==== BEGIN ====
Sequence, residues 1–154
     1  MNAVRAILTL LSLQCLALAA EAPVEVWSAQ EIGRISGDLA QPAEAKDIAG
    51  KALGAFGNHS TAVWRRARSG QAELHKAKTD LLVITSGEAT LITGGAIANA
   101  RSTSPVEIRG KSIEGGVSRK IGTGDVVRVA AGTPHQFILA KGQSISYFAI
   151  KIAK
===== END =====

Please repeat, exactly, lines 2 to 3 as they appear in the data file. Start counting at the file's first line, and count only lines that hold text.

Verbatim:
     1  MNAVRAILTL LSLQCLALAA EAPVEVWSAQ EIGRISGDLA QPAEAKDIAG
    51  KALGAFGNHS TAVWRRARSG QAELHKAKTD LLVITSGEAT LITGGAIANA